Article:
“What are some Christian stories?”
There are many outstanding picture book versions of Bible stories. Gerald McDermot and Cynthia Rylant each have their own version of the biblical story of creation. Tomie de Paolo and Brian Wildsmith have both written and illustrated several Biblical stories, as well as biographies of Christian saints.
Then there are all the beautiful picture books of spiritual songs and poems. Ashley Bryan’s All Things Bright and Beautiful and Let it Shine. Nancy White Carlstrom’s Glory.
But do people of the Christian faith cease to be Christians on the days when they do not openly speak about their religion? Of course not.
Is speaking about one’s faith the essential characteristic of Christianity? No. The signs of mature faith are clearly listed in Galatians 5.22: love, joy, peace, patience, kindness, goodness, faithfulness, gentleness, and self-control. A believer’s actual devotion will be shown by the presence of these qualities. Therefore, any stories that depict the “fruit of the Spirit” can be viewed as depicting “Christian” character.
Of course, they can also be viewed as depicting the values of many religions since those “fruit” are what are often called universal values. Nevertheless, stories that do not openly proclaim allegiance to Jesus Christ are not – as a result – inferior to instructive narratives of Christian faith.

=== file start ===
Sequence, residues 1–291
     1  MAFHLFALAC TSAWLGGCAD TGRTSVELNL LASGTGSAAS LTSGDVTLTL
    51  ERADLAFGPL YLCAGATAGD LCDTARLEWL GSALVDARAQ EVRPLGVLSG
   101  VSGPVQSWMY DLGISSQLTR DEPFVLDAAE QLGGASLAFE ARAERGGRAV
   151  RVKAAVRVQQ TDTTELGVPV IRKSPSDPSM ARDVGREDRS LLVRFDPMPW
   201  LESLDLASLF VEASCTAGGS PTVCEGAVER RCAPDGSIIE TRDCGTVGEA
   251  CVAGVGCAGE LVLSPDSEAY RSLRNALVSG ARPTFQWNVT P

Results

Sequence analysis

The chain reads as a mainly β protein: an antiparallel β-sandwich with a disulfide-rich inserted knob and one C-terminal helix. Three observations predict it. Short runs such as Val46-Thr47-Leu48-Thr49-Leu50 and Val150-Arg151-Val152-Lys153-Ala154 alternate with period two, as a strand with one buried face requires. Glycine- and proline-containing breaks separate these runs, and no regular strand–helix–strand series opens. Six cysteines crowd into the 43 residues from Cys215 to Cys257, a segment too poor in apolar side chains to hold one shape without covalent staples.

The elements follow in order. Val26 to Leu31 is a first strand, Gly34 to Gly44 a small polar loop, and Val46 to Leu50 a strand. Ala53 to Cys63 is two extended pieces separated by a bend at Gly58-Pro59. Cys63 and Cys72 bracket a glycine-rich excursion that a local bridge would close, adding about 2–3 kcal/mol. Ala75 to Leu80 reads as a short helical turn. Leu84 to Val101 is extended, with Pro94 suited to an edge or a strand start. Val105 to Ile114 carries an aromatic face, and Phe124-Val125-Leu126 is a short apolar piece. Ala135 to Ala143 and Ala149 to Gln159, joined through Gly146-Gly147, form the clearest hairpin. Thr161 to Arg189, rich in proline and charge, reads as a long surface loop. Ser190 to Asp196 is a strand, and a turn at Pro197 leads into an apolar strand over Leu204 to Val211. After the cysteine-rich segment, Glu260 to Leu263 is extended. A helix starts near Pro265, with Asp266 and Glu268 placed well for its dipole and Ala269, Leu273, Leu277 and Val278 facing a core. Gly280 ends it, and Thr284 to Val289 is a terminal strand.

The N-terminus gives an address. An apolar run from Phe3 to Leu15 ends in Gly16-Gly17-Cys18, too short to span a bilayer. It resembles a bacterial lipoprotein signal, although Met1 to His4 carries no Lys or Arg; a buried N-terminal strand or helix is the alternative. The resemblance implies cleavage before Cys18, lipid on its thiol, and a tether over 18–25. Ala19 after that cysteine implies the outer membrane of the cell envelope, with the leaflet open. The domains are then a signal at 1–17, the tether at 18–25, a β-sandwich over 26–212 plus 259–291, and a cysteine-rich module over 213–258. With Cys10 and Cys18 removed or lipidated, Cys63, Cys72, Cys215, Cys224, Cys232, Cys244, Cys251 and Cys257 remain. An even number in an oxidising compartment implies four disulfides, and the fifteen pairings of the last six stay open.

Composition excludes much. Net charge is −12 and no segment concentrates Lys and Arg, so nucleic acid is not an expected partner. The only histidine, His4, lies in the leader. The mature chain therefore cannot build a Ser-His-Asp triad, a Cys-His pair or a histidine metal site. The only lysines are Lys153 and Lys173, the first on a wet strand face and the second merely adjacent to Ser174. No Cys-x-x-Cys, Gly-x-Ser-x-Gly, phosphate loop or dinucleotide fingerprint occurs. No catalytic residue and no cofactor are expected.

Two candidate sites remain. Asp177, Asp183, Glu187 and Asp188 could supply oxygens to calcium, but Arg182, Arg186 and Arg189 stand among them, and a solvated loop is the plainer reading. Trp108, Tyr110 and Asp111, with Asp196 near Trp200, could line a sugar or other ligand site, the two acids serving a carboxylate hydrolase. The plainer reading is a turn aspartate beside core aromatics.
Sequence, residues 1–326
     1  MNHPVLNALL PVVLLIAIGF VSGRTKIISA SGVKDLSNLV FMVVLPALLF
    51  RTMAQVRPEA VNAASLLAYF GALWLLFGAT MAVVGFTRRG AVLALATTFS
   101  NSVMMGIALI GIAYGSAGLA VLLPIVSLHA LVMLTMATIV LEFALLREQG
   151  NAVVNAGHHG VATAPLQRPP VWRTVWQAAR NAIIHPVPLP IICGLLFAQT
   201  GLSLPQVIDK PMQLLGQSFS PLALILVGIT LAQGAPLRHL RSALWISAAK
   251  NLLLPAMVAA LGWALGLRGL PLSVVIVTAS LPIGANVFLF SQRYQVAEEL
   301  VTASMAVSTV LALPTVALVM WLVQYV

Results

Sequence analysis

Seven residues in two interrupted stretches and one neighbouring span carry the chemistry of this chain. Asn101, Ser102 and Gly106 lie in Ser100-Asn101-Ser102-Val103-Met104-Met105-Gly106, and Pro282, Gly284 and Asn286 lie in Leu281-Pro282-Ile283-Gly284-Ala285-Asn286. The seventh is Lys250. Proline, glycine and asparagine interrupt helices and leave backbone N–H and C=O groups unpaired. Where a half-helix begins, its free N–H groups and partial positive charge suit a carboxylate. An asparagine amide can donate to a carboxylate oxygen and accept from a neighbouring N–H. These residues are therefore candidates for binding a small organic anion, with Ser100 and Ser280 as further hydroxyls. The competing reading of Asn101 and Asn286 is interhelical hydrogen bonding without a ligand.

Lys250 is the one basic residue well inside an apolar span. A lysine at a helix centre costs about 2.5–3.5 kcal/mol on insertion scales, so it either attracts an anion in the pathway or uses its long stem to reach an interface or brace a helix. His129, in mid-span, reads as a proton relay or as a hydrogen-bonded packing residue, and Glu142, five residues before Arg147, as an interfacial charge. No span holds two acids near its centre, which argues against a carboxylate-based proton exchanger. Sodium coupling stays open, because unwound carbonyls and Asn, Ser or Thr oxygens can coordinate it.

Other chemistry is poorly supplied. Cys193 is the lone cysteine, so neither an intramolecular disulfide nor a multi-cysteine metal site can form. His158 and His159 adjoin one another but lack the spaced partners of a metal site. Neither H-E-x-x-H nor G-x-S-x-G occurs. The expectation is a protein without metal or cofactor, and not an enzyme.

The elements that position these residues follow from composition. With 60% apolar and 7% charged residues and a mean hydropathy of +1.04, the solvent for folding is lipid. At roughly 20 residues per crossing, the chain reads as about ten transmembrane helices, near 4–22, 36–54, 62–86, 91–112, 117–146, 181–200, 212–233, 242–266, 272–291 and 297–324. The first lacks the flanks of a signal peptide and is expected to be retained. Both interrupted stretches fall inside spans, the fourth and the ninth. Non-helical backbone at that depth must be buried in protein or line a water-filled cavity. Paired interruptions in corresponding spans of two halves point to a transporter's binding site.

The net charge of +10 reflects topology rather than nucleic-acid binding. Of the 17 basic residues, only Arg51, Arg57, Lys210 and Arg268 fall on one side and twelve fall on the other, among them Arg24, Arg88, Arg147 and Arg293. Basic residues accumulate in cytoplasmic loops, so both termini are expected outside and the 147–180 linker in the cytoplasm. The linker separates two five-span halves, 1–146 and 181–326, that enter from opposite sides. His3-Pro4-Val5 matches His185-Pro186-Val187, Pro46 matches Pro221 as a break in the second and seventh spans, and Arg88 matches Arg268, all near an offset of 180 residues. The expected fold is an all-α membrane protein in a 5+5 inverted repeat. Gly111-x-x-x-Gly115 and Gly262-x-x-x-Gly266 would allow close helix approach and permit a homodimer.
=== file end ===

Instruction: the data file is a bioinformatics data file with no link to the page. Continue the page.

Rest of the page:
Actually, many writers of children’s books are quietly Christian. Katherine Paterson, winner of the Newbery Award, says that “What you are will shape your book whether you want it to or not. I am Christian, so that conviction will pervade the book even when I make no conscious effort to teach or preach. Grace and hope will inform everything I write.”1
Brian Wildsmith, the award-winning British illustrator who died in 2016, said, “When I look at the most recent so-called religious books for children, I am appalled.”2 I agree. Many books put out by Christian publishing houses are not well-written. The emphasis on encouraging readers to become Christians seems to be more important than the quality of the writing.
Therefore, if you are looking for well-written Christian stories, look for books that are literary masterpieces. Look for stories that depict real people dealing with complicated life situations. Look for fantasy novels that show characters facing moral issues with resolve and integrity. Look for beautiful picture books that provide comfort and reassurance in a world that is too often full of uncertainty. Look for stories that portray hope and courage and goodness.
- “FAQ.” Welcome to the World of Katherine Paterson, www.katherinepaterson.com/faq. Accessed 1 Mar. 2020.
- Wildsmith, Brian. “Open Their Eyes to Beauty.” Questia, www.questia.com/magazine/1G1-72503291/open-their-eyes-to-beauty. Accessed 1 Mar. 2020.